3. Case 3

A 33.5-year old woman, II-2 (Fig. 1C), gravida 2, para 0 at 13 weeks and 5 days of gestation was referred following natural pregnancy. Her pregnancy was complicated by a short cervix length, and she needed a McDonald cerclage at 15 weeks gestation. Amniotic volume has increased in the third trimester. She delivered a premature male newborn, III-2 (Fig. 1C) at 36 weeks and 1 days due to premature rupture of the membranes. The body weight of the newborn was appropriate at 2,480 g, and the Apgar score was 6, 4, and 7 at 1, 5 and 10 minutes, respectively. However, he developed respiratory discomfort complications at birth and required intubation for ventilator support in the NICU. An evaluation for hypotonia revealed that the newborn had CMD with 13/>1,080 base pair CTG repeats. In addition, brain US revealed leukomalacia. The mother (proband, II-2) was suspected to have DM1 because of her manifestation of handgrip myotonia, gait disturbance, and slender face. Genetic analysis using genomic DNA from the mother confirmed DM1 with >280 CTG repeats. Her sisters (II-3,4,5) were recommended for genetic counseling and testing, and all were confirmed as having DM1. A linkage analysis and molecular testing of family members revealed that the abnormal CTG repeats in the proband (II-2) came from her father, I-1 (Fig. 1C). After discharge, the affected baby III-2 (Fig. 1C) needed assistance to walk until 24 months and required rehabilitation training owing to developmental delay. The baby was lost to follow up at 2 years and 3 months.

4. Case 4

A 35.7-year old woman, II-4 (Fig. 1D), gravida 3, para 1 at 15 weeks of gestation presented because of a family history of CMD and a high risk of Down syndrome in prenatal screening. Her previous female baby, III-3, delivered at 32 weeks of gestation and expired at births, and had been confirmed as having CMD by genetic analysis (Fig. 1D). Her older sister’s baby (III-1) had mental retardation and was undergoing rehabilitation treatment, and individual II-6’s baby (III-5) had history of hypotonic features and neonatal death following preterm births at 32 weeks of gestation. Both II-6 and II-7 had difficulties walking. In her family, individuals II-2, II-4, II-6, and II-7 were each diagnosed with DM1, inherited from their mother, as shown by clinical examination and genetic analyses (Fig. 1D). In the proband, II-4 (arrow), a single mutant allele with more than 129 base pair CTG repeats was detected. In amniocentesis of the proband II-4, fetus (III-4) had 13/>400 base pair alleles CTG repeats, which is suspected to be congenital or classic type DM. In addition, abnormal fetal US findings, such as bilateral borderline ventriculomegaly, prominent nuchal fold thickness and bilateral superior vena cava were observed at 19 weeks of gestation. Following genetic counseling with the parents, the parents decided to terminate the pregnancy at 22 weeks of gestation. The termination of the pregnancy was complicated by PPH, and the patient required transfusion. A planning pregnancy using preimplantation genetic diagnosis (PGD) was recommended for future pregnancies.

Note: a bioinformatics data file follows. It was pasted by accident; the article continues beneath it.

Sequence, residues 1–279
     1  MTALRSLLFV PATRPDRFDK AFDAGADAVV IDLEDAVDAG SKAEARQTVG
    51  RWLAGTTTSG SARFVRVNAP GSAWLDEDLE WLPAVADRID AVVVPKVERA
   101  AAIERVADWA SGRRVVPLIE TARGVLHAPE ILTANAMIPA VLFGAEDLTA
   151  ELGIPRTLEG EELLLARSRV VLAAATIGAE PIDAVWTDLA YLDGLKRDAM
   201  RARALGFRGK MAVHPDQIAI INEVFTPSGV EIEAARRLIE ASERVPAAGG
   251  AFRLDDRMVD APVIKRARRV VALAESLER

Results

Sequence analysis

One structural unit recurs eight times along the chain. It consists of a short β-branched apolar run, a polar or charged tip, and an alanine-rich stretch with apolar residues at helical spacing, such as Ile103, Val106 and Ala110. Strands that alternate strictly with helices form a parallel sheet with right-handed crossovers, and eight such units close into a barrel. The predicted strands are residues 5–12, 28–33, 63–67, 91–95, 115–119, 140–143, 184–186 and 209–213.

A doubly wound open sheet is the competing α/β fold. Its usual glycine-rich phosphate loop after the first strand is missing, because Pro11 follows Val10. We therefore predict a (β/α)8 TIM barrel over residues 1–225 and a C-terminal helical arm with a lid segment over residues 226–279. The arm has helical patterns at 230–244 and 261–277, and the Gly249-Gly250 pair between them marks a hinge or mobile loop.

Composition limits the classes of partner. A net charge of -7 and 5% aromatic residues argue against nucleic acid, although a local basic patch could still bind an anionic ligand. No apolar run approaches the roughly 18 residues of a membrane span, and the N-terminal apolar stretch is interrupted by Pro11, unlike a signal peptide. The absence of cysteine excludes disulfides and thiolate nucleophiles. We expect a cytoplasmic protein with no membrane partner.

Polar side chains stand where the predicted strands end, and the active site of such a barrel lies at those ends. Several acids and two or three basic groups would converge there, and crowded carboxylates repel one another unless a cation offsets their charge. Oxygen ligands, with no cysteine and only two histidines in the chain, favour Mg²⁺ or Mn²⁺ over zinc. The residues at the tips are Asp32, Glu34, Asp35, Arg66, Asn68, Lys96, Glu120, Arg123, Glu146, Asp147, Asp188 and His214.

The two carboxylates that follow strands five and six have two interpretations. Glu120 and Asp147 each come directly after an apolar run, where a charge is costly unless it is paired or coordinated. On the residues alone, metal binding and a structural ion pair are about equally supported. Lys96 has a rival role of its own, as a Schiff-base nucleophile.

Discussion